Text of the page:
Typically for our Snapshots column, we describe particularly good scenes that had an impact on us and why we loved them. But sometimes there’s a scene that has amazing potential but fails to capitalize on it, like this one in the final moments of Aldnoah Zero Season 2.
SPOILER ALERT: I’m about to spoil the end of Aldnoah Zero Season 2. If you don’t want to be spoiled, please stop reading now.
After a brief and violent meeting at the end of Season 1, our dual protagonists Inaho Kaizuka and Slaine Troyard have had to tide themselves over with angsty brooding over the other’s perceived slights for a full season (not counting one brief robot battle). Not only are they in love with the same woman, pacifist Martian princess Asseylum, but they are fighting on opposite sides of a bloody conflict between the forces of the Earth and Mars. When the two finally meet again in battle, Slaine has finally owned up to his sins as a dictatorial war monger and is in the midst of a collapse of his would-be empire. As their fierce space battle brings them crashing to Earth, Inaho saves Slaine’s life, and they end up on a beach with Inaho’s gun pointed at his rival’s head.
This is an important scene. On its surface, it mirrors the end of Season 1, in which Slaine trains his gun on a severely injured Inaho after a pivotal battle. But this time, Inaho stands above Slaine — finally the victor in a drawn-out, indirect conflict between the two. He wants Slaine dead. More importantly, seeing as his warped moral code has managed to drive away his beloved Princess Asseylum, Slaine himself was hoping to die in battle with Inaho. We’re not entirely certain yet why Inaho saved Slaine, but there’s palpable tension in the air.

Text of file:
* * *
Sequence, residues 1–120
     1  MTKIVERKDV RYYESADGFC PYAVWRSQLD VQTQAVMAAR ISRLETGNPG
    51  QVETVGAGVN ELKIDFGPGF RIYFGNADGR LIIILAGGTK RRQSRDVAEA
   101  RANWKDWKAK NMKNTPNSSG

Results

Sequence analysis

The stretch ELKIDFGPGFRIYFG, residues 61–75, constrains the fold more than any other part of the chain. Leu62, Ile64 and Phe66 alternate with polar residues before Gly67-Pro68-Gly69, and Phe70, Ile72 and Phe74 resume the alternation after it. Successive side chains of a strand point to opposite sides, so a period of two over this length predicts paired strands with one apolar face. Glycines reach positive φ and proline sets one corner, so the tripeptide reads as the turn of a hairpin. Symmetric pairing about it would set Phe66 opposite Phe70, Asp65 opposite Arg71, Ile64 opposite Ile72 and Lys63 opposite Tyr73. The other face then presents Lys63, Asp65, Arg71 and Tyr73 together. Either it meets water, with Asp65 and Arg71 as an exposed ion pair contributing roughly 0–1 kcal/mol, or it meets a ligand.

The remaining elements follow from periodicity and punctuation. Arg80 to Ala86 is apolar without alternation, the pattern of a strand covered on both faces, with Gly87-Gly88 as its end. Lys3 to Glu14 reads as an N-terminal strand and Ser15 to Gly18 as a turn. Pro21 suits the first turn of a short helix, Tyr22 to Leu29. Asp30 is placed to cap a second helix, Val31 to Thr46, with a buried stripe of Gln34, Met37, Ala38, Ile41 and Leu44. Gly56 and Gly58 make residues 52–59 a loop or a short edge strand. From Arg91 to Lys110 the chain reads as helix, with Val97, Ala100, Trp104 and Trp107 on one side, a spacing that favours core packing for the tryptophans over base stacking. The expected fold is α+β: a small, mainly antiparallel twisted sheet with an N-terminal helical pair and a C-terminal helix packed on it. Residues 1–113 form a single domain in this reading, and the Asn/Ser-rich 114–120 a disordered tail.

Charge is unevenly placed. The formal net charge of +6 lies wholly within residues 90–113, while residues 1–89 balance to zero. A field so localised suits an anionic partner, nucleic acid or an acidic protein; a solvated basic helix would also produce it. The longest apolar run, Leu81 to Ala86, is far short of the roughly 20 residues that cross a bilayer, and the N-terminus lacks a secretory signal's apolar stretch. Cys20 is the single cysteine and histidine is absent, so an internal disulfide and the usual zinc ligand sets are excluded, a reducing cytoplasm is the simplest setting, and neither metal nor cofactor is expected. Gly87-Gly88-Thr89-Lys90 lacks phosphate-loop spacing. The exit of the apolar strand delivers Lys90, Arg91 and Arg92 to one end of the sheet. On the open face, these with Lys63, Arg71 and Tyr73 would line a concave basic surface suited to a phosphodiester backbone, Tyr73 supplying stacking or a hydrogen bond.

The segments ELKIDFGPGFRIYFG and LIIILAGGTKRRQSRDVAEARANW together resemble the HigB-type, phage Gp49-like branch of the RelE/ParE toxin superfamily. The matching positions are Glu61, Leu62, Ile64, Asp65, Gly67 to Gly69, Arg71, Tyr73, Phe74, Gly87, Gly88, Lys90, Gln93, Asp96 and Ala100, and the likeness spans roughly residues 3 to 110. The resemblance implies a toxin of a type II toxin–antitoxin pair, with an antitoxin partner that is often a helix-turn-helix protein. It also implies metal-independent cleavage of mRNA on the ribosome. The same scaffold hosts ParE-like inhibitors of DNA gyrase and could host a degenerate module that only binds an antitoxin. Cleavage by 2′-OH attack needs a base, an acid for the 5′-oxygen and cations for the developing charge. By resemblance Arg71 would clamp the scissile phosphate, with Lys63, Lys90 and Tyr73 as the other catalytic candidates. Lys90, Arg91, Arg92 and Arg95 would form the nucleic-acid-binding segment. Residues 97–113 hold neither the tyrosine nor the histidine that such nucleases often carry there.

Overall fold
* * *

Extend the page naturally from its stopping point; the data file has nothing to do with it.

Despite all the flashy robot fights and set pieces, it’s this simple bit of character acting that really shines: Slaine smiles, slowly raises his hand, and taps his head — wordlessly beckoning Inaho to put him out of his misery.It’s a moment that distinguishes itself for its contrast: a character who has spent an entire season ruthlessly working his way to the top of a social and military hierarchy that views him as sub-human has found himself so utterly defeated that he would welcome a bullet from his most reviled adversary.
So why is this scene disappointing? Despite the excellent choice of wordless reaction, the camera doesn’t linger on the shot. We only see Slaine’s hand motion in sillhouette via a wide shot, and before his suicidal intent even has a chance to sink in, we smash cut to a newsreel scene explaining the aftermath of the war. It’s a gross oversight to give so little attention to such a pivotal moment in Slaine’s arc — an oversight I frankly wouldn’t expect from a director as talented at dramatic delivery as Ei Aoki.
Snapshots is a monthly column in which one of our writers reflects upon a particular moment from an anime, manga, or video game. New entries are posted on or around the 15th of each month. To read previous entries, click here.